Date: 4/7/17 5:55 am From: Rob Bielawski <robbielawski...> Subject: [Va-bird] Virginia Beach Spring 2017 Arrivals & Some Field Observations
Spring migration has gotten moving over the last couple of weeks out here on the coast and we've had 27+/- transient/summer resident species get logged so far into eBird within the City of Virginia Beach. Thus far, here's what has showed up, with average arrival date listed being the average of the last 5 years of eBird data, or the published Gold Book ( http://www.virginiabirds.org/publications/the-gold-book/) dates for the coastal plain, whichever is earlier:
*Species / Avg. Arrival Date / 2017 Arrival Date / Difference* Blue-winged Teal / 5 Mar / 19 Feb / -14 Days Piping Plover / 15 Mar / 17 Mar / +2 Days Purple Martin / 15 Mar / 28 Mar / +13 Days Blue-gray Gnatcatcher / 15 Mar / 21 Mar / +6 Days Tricolored Heron / 15 Mar / 1 Apr /+17 Days Royal Tern / 15 Mar / 17 Mar / +2 Days Yellow-throated Warbler / 20 Mar / 20 Mar / Spot on Glossy Ibis / 20 Mar / 21 Mar / +1 Day Yellow-crowned Night-Heron / 20 Mar / 18 Mar / -2 Days Lesser Yellowlegs / 25 Mar / 30 Mar / +5 Days Northern Rough-winged Swallow / 25 Mar / 1 Apr / +7 Days Broad-winged Hawk / 30 Mar / 2 Apr / +3 Days Least Sandpiper / 30 Mar / 20 Mar / -10 Days Louisiana Waterthrush / 30 Mar / 1 Apr / +2 Days Short-billed Dowitcher / 30 Mar / 2 Apr / +3 Days Barn Swallow / 30 Mar / 31 Mar / +1 Day Little Blue Heron / 30 Mar / 26 Mar / -4 Days Caspian Tern / 30 Mar / 3 Apr / +4 Days Cattle Egret / 30 Mar / 1 Apr / +2 Days Black-and-white Warbler / 5 Apr / 5 Apr Chimney Swift / 5 Apr / 31 Mar / -6 Days Ovenbird / 5 Apr / 29 Mar / -8 Days Green Heron / 5 Apr / 3 Apr / -2 Days White-eyed Vireo / 5 Apr / 4 Apr / -1 Days Northern Parula / 5 Apr / 5 Apr / Spot on Common Tern / 5 Apr / 3 Apr / -2 Days Least BIttern / 15 Apr / 3 Apr / -12 Days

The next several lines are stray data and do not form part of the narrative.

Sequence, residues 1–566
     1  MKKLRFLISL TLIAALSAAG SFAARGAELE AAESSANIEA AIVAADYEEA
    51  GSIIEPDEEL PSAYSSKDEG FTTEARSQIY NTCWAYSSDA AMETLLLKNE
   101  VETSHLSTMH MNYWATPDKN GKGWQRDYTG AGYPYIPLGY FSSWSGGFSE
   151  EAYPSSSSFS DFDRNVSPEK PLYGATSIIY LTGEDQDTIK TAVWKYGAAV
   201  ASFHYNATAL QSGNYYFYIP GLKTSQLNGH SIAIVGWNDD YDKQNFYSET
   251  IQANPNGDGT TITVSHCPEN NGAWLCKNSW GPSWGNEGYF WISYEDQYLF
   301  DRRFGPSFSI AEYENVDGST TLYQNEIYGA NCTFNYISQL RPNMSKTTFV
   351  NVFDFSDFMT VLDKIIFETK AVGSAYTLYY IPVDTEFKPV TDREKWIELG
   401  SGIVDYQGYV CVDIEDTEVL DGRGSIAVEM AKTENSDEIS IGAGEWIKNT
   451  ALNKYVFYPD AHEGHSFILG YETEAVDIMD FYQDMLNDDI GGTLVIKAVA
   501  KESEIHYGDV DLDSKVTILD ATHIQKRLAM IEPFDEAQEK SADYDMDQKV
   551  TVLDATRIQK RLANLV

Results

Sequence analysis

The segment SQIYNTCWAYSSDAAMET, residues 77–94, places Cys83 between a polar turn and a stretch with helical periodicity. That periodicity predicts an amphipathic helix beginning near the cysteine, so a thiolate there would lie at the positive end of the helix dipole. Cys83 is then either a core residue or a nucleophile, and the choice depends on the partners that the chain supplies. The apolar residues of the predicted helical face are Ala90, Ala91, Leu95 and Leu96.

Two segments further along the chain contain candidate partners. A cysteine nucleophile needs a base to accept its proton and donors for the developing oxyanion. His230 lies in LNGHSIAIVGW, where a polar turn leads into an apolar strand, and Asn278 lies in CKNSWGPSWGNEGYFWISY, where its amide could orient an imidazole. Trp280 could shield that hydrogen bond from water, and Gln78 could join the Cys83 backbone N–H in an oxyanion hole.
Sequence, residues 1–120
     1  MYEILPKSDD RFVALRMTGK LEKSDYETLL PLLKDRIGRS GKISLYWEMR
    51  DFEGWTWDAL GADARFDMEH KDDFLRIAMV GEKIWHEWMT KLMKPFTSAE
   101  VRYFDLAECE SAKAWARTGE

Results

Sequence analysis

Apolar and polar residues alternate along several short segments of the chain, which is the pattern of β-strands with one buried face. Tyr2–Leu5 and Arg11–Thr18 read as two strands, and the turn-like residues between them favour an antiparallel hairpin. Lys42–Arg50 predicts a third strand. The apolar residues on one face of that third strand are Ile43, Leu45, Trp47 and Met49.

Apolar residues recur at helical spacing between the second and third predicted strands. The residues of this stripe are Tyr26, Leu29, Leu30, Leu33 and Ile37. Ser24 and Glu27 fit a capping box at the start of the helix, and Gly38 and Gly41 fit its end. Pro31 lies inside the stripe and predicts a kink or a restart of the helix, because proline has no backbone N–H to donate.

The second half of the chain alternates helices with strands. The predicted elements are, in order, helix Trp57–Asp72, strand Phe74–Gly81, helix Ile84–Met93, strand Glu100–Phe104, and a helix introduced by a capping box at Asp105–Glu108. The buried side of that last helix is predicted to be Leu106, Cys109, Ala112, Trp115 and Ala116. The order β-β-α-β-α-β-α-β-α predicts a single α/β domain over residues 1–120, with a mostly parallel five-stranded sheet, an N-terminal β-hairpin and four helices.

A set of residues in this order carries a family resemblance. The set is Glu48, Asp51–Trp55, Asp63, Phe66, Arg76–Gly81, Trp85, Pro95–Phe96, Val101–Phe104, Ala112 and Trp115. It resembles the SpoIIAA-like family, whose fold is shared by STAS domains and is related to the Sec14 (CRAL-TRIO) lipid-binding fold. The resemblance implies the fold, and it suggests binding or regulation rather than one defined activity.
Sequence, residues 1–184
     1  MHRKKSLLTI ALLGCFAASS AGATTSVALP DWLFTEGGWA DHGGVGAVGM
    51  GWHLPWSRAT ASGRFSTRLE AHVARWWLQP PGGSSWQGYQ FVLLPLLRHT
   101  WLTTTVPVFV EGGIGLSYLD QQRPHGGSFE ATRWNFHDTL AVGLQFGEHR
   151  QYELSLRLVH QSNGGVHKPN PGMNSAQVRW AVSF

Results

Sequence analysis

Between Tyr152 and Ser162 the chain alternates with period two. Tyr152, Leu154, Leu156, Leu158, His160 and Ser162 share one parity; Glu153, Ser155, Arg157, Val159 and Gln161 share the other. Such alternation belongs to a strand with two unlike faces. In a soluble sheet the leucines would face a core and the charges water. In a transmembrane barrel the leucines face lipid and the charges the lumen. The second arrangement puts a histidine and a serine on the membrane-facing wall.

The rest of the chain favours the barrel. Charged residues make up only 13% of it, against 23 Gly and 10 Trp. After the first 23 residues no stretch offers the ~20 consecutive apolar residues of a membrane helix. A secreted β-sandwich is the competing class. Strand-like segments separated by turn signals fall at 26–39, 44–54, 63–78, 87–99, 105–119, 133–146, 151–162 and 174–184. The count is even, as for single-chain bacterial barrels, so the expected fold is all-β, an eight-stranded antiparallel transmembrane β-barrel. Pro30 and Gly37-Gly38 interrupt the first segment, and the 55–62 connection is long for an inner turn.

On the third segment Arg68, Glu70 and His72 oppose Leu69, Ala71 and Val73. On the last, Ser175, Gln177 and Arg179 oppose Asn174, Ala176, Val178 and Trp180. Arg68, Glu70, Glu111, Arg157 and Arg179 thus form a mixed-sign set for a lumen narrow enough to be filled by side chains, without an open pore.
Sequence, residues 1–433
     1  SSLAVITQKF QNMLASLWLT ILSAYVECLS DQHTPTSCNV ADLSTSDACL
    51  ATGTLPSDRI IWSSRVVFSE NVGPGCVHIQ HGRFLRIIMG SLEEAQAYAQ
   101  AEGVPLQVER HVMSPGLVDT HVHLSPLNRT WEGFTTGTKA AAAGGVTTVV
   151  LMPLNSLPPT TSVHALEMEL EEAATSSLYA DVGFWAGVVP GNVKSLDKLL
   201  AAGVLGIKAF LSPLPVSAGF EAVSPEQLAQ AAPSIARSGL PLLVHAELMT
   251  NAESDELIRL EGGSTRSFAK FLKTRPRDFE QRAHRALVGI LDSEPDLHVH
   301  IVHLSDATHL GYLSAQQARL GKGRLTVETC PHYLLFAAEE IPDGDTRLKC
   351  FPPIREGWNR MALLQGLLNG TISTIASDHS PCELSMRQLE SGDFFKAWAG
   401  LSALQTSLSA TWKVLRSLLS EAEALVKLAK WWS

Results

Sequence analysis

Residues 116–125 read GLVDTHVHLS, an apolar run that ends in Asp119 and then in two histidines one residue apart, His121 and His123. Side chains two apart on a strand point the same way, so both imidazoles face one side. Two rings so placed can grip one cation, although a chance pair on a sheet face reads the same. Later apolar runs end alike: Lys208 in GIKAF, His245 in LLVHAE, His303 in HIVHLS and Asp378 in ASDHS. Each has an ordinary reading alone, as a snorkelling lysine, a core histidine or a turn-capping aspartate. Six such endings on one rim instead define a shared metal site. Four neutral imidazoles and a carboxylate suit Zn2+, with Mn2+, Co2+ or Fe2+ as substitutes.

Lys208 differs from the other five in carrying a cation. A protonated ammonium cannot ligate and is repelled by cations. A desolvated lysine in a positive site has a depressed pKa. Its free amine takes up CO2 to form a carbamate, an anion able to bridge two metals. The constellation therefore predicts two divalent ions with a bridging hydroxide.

Overall, the average comes out to be right on time when considering the last 5 years of arrival dates specific to Virginia Beach (though some species were very early, some very late).
So far, the best spots for migrants have been Back Bay NWR, Little Island Park & Pleasure House Point NA (shorebirds, terns, gulls) and forested areas like Stumpy Lake NA, First Landing SP & West Neck Creek NA (passerines). Unfortunately, the City decided to clean out all the emergent vegetation from the stormwater retention pond at *Bayville Farms Park*, so this site is not likely to yield many (or any) shorebirds during the spring migration. The impoundments at *Back Bay NWR* are also quite high right now, with the C-Storage Pool not showing any mudflats currently. Any shorebirds in this area are likely to be flyovers, perhaps some individuals working the impoundment edges like GRYE/LEYE, SOSA or SPSA, or group fly-bys along the beach. Piping Plovers have been present in good numbers since mid-March on the beach here and at Little Island Park as well to the north. *Princess Anne WMA's Beasley Tract *has become wholly overgrown since last spring, and doesn't appear that it'll be capable of holding the shorebirds that it became famous for last year (WIPH, STSA, LBDO, WRSA and many others). *Whitehurst Tract *is also full of water at present, though waterfowl numbers haven't been great on Sunday's when the park is open, the diversity has been typical of the dabblers though. If heading into either tract, make sure to wear boots as the Cottonmouths are certainly out, and it is only a matter of time before the trails become more overgrown with vegetation.
I've enjoyed hearing the songs of Winter Wrens, seeing Hermit Thrush out and about, and viewing Blue-headed Vireos that wintered, but remained well concealed at First Landing SP. All these should be heading out of the area soon, to be replaced by their summer or transient counterparts.
Now to look forward to the weekend of birding, and hoping the incredible winds we've had the last few days finally come to an end, though it doesn't appear that end will take place today, or even tomorrow.